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Bank of America Gives Some Clues on How It Will Market to Scared Consumers

Posted by: Burth Helm on October 17, 2008

Well, she didn’t show up in person, but give Bank of America CMO Anne Finucane credit for actually addressing the economy – something speakers earlier this morning glossed over. In taped remarks, sent, she explained, because she’s busy dealing with the crisis, Finucane first tackled the subject with humor. “As someone on the inside, I can assure you that everyone has been cool, calm, and collected,” she said. Then she cut to a clip of a hurricane.

Finucane didn’t give many specifics about how the Bank’s marketing dept. will reassure customers, but she did say it planned to help some 400,000 homeowners avoid foreclosure and would agree to some $8.4 billion in rate reductions. The rest of the time she spoke about BofA’s environmental work, the “Keep the Change” program, and showed ads for the U.S. Trust Wealth Management business.

After the tape, BofA marketing executives Anne Saunders and Claire Huang stepped in for some questions. The bank is responding, they said, by talking to consumers more about FDIC insurance, and pushing messages that communicate security, stability, and use the word “guaranteed.” The company sounds like its being particularly aggressive in reaching out to its private banking clients. Claire Huang, who runs marketing for the wealth management division, said the company is hosting conference calls with Bank of America’s economists for customers, and sending them explanatory literature. “We have a war room – every time a big headline comes up, we have our economists, our chief thinkers in the bank coming together to issue papers so that people are well aware of what the impact is to their lives.”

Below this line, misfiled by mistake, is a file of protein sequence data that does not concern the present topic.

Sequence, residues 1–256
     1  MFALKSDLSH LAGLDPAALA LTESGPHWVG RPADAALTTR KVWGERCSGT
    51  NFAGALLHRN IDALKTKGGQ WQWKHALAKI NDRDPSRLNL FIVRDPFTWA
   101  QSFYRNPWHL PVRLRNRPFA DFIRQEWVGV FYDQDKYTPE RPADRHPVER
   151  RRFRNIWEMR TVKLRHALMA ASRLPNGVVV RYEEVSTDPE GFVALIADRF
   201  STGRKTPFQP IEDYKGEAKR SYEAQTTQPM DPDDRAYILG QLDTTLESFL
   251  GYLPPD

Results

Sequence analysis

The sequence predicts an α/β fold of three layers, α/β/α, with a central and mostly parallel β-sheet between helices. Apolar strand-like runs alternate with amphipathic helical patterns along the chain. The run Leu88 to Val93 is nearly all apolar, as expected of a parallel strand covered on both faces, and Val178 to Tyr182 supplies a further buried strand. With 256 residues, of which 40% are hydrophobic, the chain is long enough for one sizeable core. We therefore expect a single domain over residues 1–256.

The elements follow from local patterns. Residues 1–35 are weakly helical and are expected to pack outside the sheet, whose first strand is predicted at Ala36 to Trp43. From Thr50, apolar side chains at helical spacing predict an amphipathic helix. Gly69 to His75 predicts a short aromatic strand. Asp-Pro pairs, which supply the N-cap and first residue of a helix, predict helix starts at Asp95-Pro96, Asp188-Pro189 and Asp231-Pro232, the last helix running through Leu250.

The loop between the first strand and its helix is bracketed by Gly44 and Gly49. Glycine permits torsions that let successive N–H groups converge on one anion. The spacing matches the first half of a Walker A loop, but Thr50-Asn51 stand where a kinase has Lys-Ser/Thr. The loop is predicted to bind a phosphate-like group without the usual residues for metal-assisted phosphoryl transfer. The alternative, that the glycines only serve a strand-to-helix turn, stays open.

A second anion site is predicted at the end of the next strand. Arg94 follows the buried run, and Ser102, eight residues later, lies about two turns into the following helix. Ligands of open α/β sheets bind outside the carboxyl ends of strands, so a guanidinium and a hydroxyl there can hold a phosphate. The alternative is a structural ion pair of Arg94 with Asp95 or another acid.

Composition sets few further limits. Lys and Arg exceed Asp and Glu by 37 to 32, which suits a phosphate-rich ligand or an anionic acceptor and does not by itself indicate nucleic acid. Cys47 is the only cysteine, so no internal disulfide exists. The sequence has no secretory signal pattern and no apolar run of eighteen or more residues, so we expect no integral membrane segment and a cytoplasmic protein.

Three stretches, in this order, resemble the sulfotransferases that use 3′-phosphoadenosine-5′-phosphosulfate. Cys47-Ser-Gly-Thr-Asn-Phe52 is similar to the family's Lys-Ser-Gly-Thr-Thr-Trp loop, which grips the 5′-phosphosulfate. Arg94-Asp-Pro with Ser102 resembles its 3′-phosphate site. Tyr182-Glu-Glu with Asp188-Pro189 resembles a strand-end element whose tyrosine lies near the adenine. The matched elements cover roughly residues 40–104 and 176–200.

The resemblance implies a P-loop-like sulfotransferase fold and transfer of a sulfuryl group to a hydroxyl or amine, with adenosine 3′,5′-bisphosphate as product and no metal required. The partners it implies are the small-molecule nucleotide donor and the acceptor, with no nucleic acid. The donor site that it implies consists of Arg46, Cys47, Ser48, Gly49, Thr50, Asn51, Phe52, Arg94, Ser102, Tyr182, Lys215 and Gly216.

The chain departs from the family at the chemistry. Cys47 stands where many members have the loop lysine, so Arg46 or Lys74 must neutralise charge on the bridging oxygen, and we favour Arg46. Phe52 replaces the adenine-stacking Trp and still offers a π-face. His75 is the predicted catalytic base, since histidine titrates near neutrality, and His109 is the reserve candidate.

Meanwhile, Saunders said it was uncertain how much BofA would spend on advertising next year. “It would surprise me if we end up spending more.”



News, opinions, inflammatory meanderings and occasional ravings about the world of advertising, marketing and media. By marketing editor Burt Helm, Innovation Editor Helen Walters, and senior correspondent Michael Arndt.

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